DGA’s Hollander, outlining the steps his union has taken to create a more inclusive workforce, said: “As unions in arts, entertainment and media, we know that diversity and inclusion is important, just as much for work opportunities as it is for culture. Having different voices and perspectives on screen is so imperative to the well-being and development of our society. That’s at the heart of our longstanding diversity, equity and inclusion work at the guild.
“While as a labor union we do not control employer hiring, we have harnessed the strength of our membership to push the studios and other employers in film and television to increase their hiring of women and people of color,” he continued. “That work dates back over four decades, when a group of women directors mobilized to address the discriminatory hiring practices of entertainment industry employers. When the studios, networks and production companies failed to take significant action, the DGA sued on behalf of women and members of color. Although the suit was eventually dismissed on technical grounds, our landmark effort made clear that the industry’s lack of diversity inclusion could no longer be ignored. We have since continued to dedicate significant time and resources in growing our efforts throughout our guild operations; from collective bargaining with our employers, though which we’ve achieved some of the strongest and forceful provisions out there – including the requirement that each of the major television studios maintain a television director development program focused on diversity.”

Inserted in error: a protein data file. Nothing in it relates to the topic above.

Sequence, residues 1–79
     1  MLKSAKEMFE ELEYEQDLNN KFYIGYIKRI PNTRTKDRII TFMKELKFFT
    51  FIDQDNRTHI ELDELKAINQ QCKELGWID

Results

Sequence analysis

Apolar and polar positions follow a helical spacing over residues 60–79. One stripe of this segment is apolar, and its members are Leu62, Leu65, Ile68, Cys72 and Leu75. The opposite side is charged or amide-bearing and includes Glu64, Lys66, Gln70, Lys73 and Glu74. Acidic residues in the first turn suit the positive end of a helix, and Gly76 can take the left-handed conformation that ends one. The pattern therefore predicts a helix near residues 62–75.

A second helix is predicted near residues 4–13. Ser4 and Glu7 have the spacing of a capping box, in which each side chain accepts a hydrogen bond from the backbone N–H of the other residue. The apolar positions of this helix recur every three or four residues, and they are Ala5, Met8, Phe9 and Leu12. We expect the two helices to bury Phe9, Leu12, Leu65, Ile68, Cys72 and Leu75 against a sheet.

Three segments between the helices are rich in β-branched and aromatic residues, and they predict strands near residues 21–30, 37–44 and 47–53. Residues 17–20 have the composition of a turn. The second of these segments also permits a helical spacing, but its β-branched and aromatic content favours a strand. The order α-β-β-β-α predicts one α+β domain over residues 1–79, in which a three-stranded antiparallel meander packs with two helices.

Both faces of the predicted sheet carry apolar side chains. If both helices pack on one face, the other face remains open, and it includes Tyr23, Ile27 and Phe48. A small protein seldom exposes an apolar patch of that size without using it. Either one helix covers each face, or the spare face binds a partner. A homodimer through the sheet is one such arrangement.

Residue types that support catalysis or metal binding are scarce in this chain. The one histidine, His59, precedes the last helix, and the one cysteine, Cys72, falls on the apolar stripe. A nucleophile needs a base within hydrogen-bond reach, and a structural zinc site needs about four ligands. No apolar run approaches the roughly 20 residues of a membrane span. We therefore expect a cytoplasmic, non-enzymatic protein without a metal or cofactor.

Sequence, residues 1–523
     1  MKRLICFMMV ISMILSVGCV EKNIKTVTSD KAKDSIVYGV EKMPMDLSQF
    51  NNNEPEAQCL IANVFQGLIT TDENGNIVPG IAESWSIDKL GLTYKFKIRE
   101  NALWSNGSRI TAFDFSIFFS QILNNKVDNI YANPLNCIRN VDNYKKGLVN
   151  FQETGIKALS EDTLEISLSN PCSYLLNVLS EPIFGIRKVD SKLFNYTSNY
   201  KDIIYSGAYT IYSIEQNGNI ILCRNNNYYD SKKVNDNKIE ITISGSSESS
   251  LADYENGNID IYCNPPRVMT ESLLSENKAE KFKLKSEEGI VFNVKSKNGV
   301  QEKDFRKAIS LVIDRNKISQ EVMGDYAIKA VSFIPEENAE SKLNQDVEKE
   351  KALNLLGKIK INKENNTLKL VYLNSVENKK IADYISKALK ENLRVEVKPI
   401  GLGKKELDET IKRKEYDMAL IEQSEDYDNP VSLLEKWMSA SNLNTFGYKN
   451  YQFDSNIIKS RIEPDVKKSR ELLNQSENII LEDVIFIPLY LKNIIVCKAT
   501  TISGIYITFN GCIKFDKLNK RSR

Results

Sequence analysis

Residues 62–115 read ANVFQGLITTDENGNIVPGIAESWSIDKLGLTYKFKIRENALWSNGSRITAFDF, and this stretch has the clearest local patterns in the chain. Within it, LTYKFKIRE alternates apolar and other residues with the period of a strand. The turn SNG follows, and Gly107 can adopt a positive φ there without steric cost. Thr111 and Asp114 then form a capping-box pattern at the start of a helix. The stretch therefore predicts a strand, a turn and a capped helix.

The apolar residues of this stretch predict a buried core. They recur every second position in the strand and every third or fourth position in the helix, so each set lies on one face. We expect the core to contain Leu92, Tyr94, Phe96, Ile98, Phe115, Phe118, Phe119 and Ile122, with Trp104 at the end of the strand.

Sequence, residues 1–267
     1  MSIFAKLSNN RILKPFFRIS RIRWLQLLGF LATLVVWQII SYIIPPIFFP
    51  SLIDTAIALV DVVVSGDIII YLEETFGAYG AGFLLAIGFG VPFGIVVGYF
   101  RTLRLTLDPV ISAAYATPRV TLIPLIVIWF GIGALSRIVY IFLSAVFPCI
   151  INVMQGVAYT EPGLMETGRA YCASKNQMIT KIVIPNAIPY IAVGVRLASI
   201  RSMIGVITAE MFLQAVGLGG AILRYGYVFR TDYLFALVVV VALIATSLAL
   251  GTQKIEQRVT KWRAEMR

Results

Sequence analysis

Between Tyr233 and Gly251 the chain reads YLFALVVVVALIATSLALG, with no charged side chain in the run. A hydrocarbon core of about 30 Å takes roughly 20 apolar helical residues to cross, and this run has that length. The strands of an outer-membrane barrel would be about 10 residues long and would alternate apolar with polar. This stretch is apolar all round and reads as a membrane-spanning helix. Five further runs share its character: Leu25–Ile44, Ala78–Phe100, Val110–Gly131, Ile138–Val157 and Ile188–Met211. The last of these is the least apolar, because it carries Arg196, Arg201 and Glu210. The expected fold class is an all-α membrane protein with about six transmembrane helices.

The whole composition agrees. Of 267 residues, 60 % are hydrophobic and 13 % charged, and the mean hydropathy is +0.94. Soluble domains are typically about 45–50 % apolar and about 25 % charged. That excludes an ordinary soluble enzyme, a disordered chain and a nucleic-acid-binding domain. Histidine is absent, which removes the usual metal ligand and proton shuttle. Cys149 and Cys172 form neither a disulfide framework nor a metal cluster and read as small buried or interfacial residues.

The DGA, he said, also has “for many years issued highly publicized diversity and inclusion reports, holding a mirror to the industry in bringing attention to the employers’ hiring records. In fact, our next report will be coming out very soon. And while we’ve seen progress in some areas, the same cannot be said with respect to Latinx directors, who continue to be severely underrepresented, as well as Asian directors, whose numbers have not increased. We’ve also developed our own diversity programs and membership initiatives within the DGA, focused on career development so that our members have the tools and resources they need to turn opportunities into ongoing, sustainable careers.”